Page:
The Building Blocks of Fast and Scalable Data Access
Having covered some of the core considerations in designing distributed systems, let's now talk about the hard part: scaling access to the data.
Most simple Web applications, for example, LAMP stack applications, look something like Figure 5.
Figure 5: Simple Web applications
As they grow, there are two main challenges: scaling access to the app server and to the database. In a highly scalable application design, the app (or Web) server is typically minimized and often embodies a shared-nothing architecture. This makes the app server layer of the system horizontally scalable. As a result of this design, the heavy lifting is pushed down the stack to the database server and supporting services; it's at this layer where the real scaling and performance challenges come into play.
The rest of this article is devoted to some of the more common strategies and methods for making these types of services fast and scalable by providing fast access to data.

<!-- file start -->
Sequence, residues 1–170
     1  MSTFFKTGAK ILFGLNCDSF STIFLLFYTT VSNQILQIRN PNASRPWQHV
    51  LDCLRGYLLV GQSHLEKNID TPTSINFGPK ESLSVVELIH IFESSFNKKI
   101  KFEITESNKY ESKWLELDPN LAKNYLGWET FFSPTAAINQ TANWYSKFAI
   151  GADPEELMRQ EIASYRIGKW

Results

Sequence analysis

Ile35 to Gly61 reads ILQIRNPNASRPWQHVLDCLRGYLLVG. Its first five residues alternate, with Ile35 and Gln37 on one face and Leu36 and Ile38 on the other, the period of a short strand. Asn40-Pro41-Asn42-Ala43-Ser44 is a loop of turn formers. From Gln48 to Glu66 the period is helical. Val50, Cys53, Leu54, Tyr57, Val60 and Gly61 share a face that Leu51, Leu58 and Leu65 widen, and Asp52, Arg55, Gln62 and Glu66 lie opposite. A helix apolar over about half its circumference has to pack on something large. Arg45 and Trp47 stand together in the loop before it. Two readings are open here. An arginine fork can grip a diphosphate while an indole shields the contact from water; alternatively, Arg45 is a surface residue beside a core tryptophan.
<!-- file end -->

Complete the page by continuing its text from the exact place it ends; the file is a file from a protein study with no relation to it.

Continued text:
Figure 6: Oversimplified Web application
Most systems can be oversimplified to Figure 6. This is a great place to start. If you have a lot of data, you want fast and easy access, like keeping a stash of candy in the top drawer of your desk. Though overly simplified, the previous statement hints at two hard problems: scalability of storage and fast access of data.
For the sake of this example, let's assume you have many terabytes (TB) of data and you want to allow users to access small portions of that data at random. (See Figure 7.) This is similar to locating an image file somewhere on the file server in the image application example.
Figure 7: Accessing specific data
This is particularly challenging because it can be very costly to load TBs of data into memory; this directly translates to disk IO. Reading from disk is many times slower than from memory — memory access is as fast as Chuck Norris, whereas disk access is slower than the line at the DMV. This speed difference really adds up for large data sets; in real numbers memory access is as little as 6 times faster for sequential reads, or 100,000 times faster for random reads, than reading from disk (see The Pathologies of Big Data). Moreover, even with unique IDs, solving the problem of knowing where to find that little bit of data can be an arduous task. It's like trying to get that last Jolly Rancher from your candy stash without looking.